Biology of Sport
eISSN: 2083-1862
ISSN: 0860-021X
Biology of Sport
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1/2023
vol. 40
 
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abstract:
Original paper

Karatekas educated on injury prevention and supported by fitness coaches are more likely to practise injury prevention

Montassar Tabben
1
,
Dušana Augustovičová
2
,
Jeremy Coquart
3
,
Khalid Alkhelaifi
1
,
Karim Chamari
1
,
Rafael Arriaza
4, 5

1.
Aspetar Qatar Orthopaedic and Sports Medicine Hospital, Doha, Qatar
2.
Faculty of Physical Education and Sports, Comenius University, Bratislava, Slovakia
3.
Univ. Lille, Univ. Artois, Univ. Littoral Côte d’Opale, ULR 7369 – URePSSS – Unité de Recherche Pluridisciplinaire Sport Santé Société, F-59000 Lille, France
4.
Physical Education and Sports School, Universidade da Coruña, A Coruña, Spain
5.
Instituto Médico Arriaza y Asociados, A Coruña, Spain
Biol Sport. 2023;40(1):171–177.
Online publish date: 2022/02/18
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To determine the current perceptions and practices of top-level karate athletes concerning risk factors and injury prevention programme (IPP) implementation in training and competition. Out of 90 eligible countries(933 athletes) participating in the karate World Senior Championships(WSC) in Madrid 2018, 50 countries (55.6%) represented by 137 athletes (14.7%; 52 females and 85 males) responded to a structured questionnaire. Of the athletes responding, 45% reported that their national team did not conduct any measures to reduce injury risk (43% among females and 47% among males; p = 0.68). Kumite athletes (51%) were more likely to practise injury prevention compared to kata athletes (25%; p = 0.016). Of the respondents, 69%, 60%, 60% and 34% reported having no team doctor, fitness coach, massage therapist and physiotherapist, respectively. A greater proportion of athletes who had access to a fitness coach (part-time or full-time) engaged in injury prevention strategies (67% and 51%, respectively) than those who did not (35%; p = 0.031). Athletes who had received previous advice about injury prevention were more likely to practise injury prevention (58%) compared to the rest (21%; p < 0.001). The current study revealed that: i) almost half of the karatekas already benefited from an injury prevention programme, ii) injury prevention programmes were practised more frequently when there was a fitness coach among their coaching staff, iii) karatekas who had received education about injury prevention were more likely to practise injury prevention programmes.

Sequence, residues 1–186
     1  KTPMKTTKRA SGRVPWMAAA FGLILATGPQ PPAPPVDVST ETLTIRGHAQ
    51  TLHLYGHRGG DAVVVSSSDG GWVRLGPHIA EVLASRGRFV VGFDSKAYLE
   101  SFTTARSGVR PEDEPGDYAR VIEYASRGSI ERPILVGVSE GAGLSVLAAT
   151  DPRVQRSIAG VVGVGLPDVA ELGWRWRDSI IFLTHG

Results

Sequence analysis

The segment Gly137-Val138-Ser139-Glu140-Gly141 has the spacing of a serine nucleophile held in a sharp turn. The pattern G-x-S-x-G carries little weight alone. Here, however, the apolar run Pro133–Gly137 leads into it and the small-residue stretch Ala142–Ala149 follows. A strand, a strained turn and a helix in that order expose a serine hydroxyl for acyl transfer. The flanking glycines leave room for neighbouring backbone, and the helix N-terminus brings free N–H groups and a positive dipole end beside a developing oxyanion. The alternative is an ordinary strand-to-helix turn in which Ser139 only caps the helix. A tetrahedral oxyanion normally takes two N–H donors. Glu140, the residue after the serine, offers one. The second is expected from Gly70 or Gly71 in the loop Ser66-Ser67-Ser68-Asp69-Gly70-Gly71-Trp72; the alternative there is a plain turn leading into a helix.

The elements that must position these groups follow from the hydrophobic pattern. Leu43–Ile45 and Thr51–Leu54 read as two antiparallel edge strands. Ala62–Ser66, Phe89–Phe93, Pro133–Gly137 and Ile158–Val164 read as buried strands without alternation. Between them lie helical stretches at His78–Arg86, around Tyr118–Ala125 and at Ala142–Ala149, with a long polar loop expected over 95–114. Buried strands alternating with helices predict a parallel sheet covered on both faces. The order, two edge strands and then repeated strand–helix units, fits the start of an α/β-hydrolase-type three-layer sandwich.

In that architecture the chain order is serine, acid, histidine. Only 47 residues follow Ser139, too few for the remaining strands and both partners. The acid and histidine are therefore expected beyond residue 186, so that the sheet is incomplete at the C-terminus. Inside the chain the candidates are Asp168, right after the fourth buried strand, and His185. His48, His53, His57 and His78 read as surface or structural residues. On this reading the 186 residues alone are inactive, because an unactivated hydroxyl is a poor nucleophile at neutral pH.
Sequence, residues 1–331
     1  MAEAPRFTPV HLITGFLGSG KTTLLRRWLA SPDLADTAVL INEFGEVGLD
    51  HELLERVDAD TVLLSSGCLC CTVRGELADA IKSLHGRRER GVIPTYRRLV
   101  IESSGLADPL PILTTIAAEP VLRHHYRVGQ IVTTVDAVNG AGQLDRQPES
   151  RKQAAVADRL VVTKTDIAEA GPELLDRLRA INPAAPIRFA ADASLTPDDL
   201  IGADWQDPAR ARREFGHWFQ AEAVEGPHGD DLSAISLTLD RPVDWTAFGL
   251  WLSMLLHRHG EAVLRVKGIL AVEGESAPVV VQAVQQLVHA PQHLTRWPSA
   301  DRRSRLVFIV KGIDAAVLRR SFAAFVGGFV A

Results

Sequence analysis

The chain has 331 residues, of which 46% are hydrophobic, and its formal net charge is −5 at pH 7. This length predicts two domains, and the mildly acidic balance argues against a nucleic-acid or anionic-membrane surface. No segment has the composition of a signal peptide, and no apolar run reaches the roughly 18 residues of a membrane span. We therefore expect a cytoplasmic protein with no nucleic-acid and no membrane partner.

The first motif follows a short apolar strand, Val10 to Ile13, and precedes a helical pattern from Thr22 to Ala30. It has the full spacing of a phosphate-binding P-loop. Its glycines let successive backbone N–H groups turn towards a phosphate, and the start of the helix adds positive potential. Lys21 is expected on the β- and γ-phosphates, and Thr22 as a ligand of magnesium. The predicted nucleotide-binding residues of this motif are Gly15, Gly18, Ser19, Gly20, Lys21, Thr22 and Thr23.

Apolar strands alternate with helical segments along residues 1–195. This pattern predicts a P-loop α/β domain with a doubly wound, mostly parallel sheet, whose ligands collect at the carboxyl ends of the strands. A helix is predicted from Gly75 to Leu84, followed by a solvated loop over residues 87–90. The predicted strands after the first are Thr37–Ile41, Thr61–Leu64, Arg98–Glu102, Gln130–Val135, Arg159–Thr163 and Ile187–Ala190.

keywords:

Combat sports, Prevention, Epidemiology, Implementation, Perception

 
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